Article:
Railway travel in Thanet

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- by ALF “Legs” Beeching.


In September it was the 150th Anniversary of the construction of the Tivoli Railway Arch and to expand upon this I wish to celebrate this by drawing the reader’s attention to some of the interesting facts surrounding this engineering achievement. An item from the local press dated 10/3/1863 tells the reader at that time what the conditions were like in that area as follows-. The soft and unyielding nature of the ground in, ”Brook’s Marsh”, have greatly added to the labour of constructing the new line. The weight of the embankment causes the ground around to rise in waves. The quantity of chalk which has already been cast upon the embankment is as much as excess of the amount calculated as sufficient to complete the entire filling but the soft unyielding soil of the meadows seem to have given way under the enormous pressure and have swallowed up several thousand loads. The bridge over the South Eastern Company’s line is in a forward state as well as over the Coast Guard Road at the Hartsdown Road and the diversion of the Garlinge Road is in progress. Near the Company’s premises on the Galinge Road may at present be seen some very large “Screw Piles”, the invention of Mr.W.Mitchell, the blind engineer.


The site of the Station of the Kent Coast Railway has at length been decided upon. It is to be in front of the Royal Crescent and the entrance between Buenos Ayres and the present Station of the South Eastern Railway. On Thursday last, the ground was stumped out. This will be used for the main line traffic but there is to be a second Station for traffic between Ramsgate and Margate, the site will be near the Cinque Ports Arms Inn.

The works of the Kent Coast Railway in this neighbourhood are daily assuming a more finished appearance and such rapid progress is now being made that no doubt need be entertained that the line will be opened for trafficat the appointed time—September next.

The monster embankment across the “Brooks” is now complete least so far as to admit of ballast wagons being worked over the entire length from the other side of the South Eastern Railway. The bridge over the latter line is also being rapidly constructed, a portion of the iron girders—which are of immense size– have already been fixed. There is a small piece of cutting to finish near St.Peters and when this is done the line between Reculvers and St.Peters, a distance of 10 miles will have been formed except that the permanent metals have not been laid the entire distance. The Station has been commenced with full vigour the foundation, being nearly finished. We understand that there is t be a Refreshment Room at the Station and that a residence for the Station Master will be erected in close proximity to it. A commencement has also been made with the local traffic branch which will extend from the main line about the middle of “The Brooks”. To the “Cinque Ports Arms”, where a Station will be erected.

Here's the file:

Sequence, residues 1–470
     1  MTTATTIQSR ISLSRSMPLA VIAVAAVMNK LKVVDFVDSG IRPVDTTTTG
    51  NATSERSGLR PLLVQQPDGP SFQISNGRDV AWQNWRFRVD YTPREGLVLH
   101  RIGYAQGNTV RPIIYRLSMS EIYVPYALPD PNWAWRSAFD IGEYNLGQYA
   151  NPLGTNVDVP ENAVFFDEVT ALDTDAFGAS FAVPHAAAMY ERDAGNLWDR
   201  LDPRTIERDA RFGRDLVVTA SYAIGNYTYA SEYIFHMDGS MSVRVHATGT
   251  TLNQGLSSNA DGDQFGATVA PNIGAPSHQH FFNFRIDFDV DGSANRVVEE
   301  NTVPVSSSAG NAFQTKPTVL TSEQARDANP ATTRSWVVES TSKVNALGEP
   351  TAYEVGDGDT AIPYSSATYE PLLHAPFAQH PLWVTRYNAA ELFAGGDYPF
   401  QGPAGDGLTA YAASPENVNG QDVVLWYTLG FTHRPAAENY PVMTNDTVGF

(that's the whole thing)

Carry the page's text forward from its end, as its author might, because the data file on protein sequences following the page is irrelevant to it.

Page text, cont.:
The portion of the new line of railway between Margate and Birchington is now almost complete. The metals having been laid for the reception of the first locomotive which arrived by the South Eastern Railway a few days ago. It was built by Stephenson in 1846 at Newcastle-upon-Tyne. The charge for this conveyance was £27-5-4d, being at the rate of 2d per ton per mile and Tender weighing 32 tons. The total cost of bringing the engine to Margate from Newcastle was £74-11-1 halfpenny.

I am sure there are other lengthy items but this gives the reader a skeletal view of the early days of Railway travel in Thanet. ALF “Legs” Beeching


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